In conclusion, the world of small business decisioning has witnessed a remarkable transformation in recent years, driven by the innovation of fintech companies and the adoption of new data sources, API technologies, machine learning techniques, and digital onboarding processes. While these advancements present both opportunities and challenges for incumbent financial institutions, it is crucial for executives to understand the evolving ecosystem and embrace the power of data in their decision-making processes. By leveraging the right platforms, conducting a thorough assessment of available data sources, and strategically executing their decisioning roadmap, banks and payments institutions can harness the benefits of this fragmented yet innovative world of small business data.
*Logo Map Methodology: The logo map was created using our own experience in the space, as well interviews with industry experts and practitioners. For companies that had been acquired or rebranded, we used the name best known in the industry (whether legacy or new). For data sources, we included companies which provide or sell data, as well as those who may be authorized to provide data to a third party through a customers consent. Finally, the solutions that many companies offer are broad and cut across categories. We used our best judgment as how to categorize them based on what their core offering is. If you feel like your company has been left off or miscategorized, or for any other feedback on this logo map, please contact the authors.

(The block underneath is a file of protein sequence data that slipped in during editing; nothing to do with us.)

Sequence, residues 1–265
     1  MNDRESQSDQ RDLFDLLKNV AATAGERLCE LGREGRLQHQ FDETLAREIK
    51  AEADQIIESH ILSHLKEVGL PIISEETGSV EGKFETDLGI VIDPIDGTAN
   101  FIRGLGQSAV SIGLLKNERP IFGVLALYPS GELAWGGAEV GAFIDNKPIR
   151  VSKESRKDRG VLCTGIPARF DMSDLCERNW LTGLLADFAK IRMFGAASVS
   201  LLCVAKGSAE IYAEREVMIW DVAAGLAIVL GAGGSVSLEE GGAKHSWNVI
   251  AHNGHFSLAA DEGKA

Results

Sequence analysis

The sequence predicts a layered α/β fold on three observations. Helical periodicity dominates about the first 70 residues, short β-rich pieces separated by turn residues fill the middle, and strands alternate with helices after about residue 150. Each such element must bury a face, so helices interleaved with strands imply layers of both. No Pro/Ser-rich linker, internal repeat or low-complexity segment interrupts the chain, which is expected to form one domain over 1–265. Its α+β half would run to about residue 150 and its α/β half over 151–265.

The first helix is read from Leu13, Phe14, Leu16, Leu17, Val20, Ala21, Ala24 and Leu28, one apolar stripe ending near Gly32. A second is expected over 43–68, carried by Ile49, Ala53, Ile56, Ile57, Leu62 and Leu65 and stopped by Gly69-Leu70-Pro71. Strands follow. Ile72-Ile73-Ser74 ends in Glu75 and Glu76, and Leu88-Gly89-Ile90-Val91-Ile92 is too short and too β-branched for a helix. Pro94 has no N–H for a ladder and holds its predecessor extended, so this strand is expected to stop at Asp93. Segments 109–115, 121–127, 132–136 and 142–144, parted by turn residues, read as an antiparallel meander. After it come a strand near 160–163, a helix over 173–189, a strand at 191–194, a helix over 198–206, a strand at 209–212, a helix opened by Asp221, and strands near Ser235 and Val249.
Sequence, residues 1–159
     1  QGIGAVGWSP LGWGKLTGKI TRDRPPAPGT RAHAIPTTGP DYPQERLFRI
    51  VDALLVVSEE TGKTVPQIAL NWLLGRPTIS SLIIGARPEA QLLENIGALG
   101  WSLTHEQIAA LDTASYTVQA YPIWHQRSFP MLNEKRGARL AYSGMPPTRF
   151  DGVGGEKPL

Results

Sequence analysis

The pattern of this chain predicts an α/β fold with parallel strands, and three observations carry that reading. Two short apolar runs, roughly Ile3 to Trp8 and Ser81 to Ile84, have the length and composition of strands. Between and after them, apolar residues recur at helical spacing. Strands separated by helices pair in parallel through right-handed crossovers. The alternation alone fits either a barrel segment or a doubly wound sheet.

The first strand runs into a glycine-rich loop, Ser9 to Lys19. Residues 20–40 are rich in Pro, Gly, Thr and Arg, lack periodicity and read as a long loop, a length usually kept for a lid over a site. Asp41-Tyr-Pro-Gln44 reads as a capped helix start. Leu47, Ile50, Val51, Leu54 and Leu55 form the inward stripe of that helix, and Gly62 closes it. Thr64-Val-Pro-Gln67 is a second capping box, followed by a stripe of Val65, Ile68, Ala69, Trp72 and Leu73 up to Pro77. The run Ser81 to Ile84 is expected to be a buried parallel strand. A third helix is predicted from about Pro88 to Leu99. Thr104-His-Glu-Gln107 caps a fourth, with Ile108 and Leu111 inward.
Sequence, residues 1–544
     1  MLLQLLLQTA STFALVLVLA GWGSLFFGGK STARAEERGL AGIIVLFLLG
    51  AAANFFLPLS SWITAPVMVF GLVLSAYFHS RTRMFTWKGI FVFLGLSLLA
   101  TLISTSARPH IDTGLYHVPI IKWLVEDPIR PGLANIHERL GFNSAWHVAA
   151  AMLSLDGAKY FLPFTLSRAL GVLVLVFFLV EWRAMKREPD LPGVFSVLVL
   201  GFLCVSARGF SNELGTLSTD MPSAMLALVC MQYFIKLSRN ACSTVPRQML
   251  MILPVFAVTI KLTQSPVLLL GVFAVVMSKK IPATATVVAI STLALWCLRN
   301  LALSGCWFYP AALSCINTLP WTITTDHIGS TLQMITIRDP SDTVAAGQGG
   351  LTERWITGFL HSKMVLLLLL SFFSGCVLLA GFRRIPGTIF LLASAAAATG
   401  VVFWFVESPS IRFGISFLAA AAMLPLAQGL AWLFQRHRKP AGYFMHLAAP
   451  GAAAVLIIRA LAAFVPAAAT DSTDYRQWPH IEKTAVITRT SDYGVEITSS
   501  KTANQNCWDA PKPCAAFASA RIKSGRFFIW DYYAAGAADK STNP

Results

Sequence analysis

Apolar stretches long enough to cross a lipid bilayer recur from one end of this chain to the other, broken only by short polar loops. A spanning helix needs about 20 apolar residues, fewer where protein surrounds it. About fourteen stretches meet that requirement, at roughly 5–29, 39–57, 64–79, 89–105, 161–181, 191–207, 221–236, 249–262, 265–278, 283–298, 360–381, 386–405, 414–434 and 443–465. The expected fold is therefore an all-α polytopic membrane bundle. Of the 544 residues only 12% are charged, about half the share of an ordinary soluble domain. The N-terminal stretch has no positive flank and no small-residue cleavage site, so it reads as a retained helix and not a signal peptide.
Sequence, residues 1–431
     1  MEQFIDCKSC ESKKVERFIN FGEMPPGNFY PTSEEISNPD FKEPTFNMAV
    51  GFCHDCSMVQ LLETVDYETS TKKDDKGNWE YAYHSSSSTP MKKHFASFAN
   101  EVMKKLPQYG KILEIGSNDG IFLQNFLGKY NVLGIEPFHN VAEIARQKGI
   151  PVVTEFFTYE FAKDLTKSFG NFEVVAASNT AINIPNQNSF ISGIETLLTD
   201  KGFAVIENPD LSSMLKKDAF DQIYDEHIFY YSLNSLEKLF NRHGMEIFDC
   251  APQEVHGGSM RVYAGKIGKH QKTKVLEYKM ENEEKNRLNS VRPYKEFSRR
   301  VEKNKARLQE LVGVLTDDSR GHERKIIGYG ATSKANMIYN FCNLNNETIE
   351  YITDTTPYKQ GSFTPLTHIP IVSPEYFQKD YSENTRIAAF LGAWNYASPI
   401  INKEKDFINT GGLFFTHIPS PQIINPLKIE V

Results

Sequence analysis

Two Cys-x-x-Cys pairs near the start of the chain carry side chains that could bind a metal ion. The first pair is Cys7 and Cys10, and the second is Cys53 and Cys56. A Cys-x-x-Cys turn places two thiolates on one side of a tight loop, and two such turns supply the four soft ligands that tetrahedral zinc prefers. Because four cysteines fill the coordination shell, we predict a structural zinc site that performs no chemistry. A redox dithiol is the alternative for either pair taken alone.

About the Authors
This report was prepared by Mickey Konson and Dave Wasik.
Mickey Konson is a senior advisor at 2OS with 25 years global experience in financial services. He is a former senior executive at Capital One, and a Co-Founder of StreetShares, Inc., a small business lending technology company acquired by Thoma Bravo in 2022. He is passionate about technology-enabled delivery of financial services to consumers and small businesses, particularly in underserved segments. At 2OS he has served clients in Asia, Australia and the US. He also serves on the board of Accion-Opportunity Fund, one of the largest non-profit small business lenders in the US.
Dave Wasik is a partner at 2OS and former senior executive at Capital One with over 25+ years of experience in consumer and small business credit. At 2nd Order Solutions, he has led > 100 engagements spanning the full credit lifecycle with a particular focus on Small Business Lending, Collections and Loss Mitigation. Dave also led Capital One’s Small Business credit card business and was a Senior Credit Officers at the firm. He also led operations for a global microfinance organization providing credit to small businesses in developing countries.
You may contact the authors by email at:
2OS is a boutique credit advisory firm that provides credit risk consultancy services for clients ranging from top 10 banks to financial technology startups throughout the world. Our credit experts use groundbreaking data analysis and modeling techniques to deliver superior economic outcomes and sustainable competitive advantages for our clients.